L’incoronazione di Poppea

Royal College of Music

The way the director James Conway sees it, Monteverdi’s last opera L’incoronazione di Poppea is about that most delicate of subjects, adult abuse by youngsters. That isn’t what he says in his programme note for his production at the Royal College of Music, where he claims that the opera is about power, ‘love, yes, but love’s power’. That is tendentious: you might as well say that Otello is about the power of jealousy, which is true, but that doesn’t make it ‘really’ about power; or that Wozzeck is about the power of powerlessness, etc. Poppea is about several things, power among them, but also love, jealousy, ambition, ruthlessness, the abuse of power.

In the second cast, which I saw, the central figure is very much Poppea, since she is played by Louise Alder, who will certainly become a major figure in opera if she projects as well in big houses as in the delightfully small Britten Theatre. She gives a consummate performance, and what she conveys is indeed disturbing: dressed as a Gretel figure in Act I, with a juvenating blonde wig and button shoes, she makes all the erotic pace with Nero, while never forgetting that she is just as eager to be Empress as she is to make love very often indeed. Early on, after Nero’s departure, she caresses a black pistol so lovingly that I thought it was a dildo, giving a new twist to Mae West’s celebrated remark about being pleased to see her. Her singing is ravishing, too, with a quality of both brightness and allure.

Unfortunately Rannveig Karadottir’s Nero is not on the same level. She is a reasonably commanding figure, but with an only moderately strong voice, which she doesn’t use to much expressive purpose. The opera is set, by the way, roughly in Stalin’s Russia, which isn’t in itself objectionable, but for all the sudden disappearances of innocent people, the intrigue, and so on, we don’t associate it with the kind of decadence and pervasive eroticism Monteverdi (or whoever wrote the opera) evokes. The fearful Soviet uniforms are effective, though they consort oddly with the three goddesses who launch the work — it’s notable that the only one who intervenes is Amor; she aborts the plot to murder Poppea, while Virtu and Fortuna never get a chance to intervene.

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The other dominant presence in this production is Poppea’s spurned lover Ottone, played with marvellous intensity and unease by the African–American Tai Oney, possessor of an appealing countertenor voice and an equally expressive face. The final line in Act I, Ottone’s ‘I have Drusilla on my lips, but Poppea in my heart’, is the opera’s most poignant moment. The poor man has been trying to persuade himself for the previous ten minutes that he has Drusilla in both places, but he is evidently fighting a losing battle. The object of his would-be affections is Anna Anandarajah, who gives an acute performance, conveying both Drusilla’s sweetness and how irritating she is, going around saying she is happy. She makes a perfect foil for Poppea, who makes no bones about telling fate to be on her side.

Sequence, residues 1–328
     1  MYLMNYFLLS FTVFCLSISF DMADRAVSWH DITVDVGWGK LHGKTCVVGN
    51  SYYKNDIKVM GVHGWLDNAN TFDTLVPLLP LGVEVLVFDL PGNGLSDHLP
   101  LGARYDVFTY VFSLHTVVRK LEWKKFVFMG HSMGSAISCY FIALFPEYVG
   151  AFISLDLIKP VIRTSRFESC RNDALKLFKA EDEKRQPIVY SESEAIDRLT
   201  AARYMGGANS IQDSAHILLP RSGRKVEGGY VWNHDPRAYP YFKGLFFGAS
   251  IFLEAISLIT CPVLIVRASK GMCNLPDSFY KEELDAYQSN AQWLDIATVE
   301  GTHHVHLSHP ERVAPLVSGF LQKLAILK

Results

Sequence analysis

In this scandalous opera — didn’t anyone at the time object, do people even now worry enough about its breezy amorality? — the moral centre is Seneca, and he is a platitudinous thunderer, appropriately dressed in this production like Solzhenitsyn, though he looks younger than that sage ever managed to. David Hansford has a true bass and booms effectively if not always with reliable pitch. Unfortunately, the scene in which he’s told to stop being a sententious windbag is cut, and we move on too soon to his death scene, in which his familiars beg him not to kill himself, celebrating the fragile joys of this life in some of Monteverdi’s most affecting music.

I was spoilt for that scene 50 years ago by Raymond Leppard’s version at Glyndebourne, still insufficiently celebrated for the fact that he gets Monteverdi’s tone so perfectly, whatever the excesses of the arrangement might be. We don’t hear nearly enough Monteverdi, but without Leppard we would hear far less. Fiona Mackenzie made an imposing and vengeful Ottavia, Simon Gilkes an excellently sung but vulgar and unfunny Arnalta. The omnicompetent Michael Rosewell conducts a small band with vigour if with too unvarying tempi.

The production, which will be one of English Touring Opera’s offerings next year, is severely cut. Scenes are pruned, some are omitted. The most startling cut is, of all things, the coronation of Poppea. I know it requires extra resources, but not to have it there at all is ridiculous, and certainly much lessens the swooning impact of the lovers’ final duet, ravishingly as it was sung. The least interesting part of the work musically is the plot to murder Poppea, but it’s hard to see how it can be more abbreviated. No more criticisms: this was a wonderful evening, and I hope that by this time next year the production will have created many more Poppea addicts.

This article first appeared in the print edition of The Spectator magazine, dated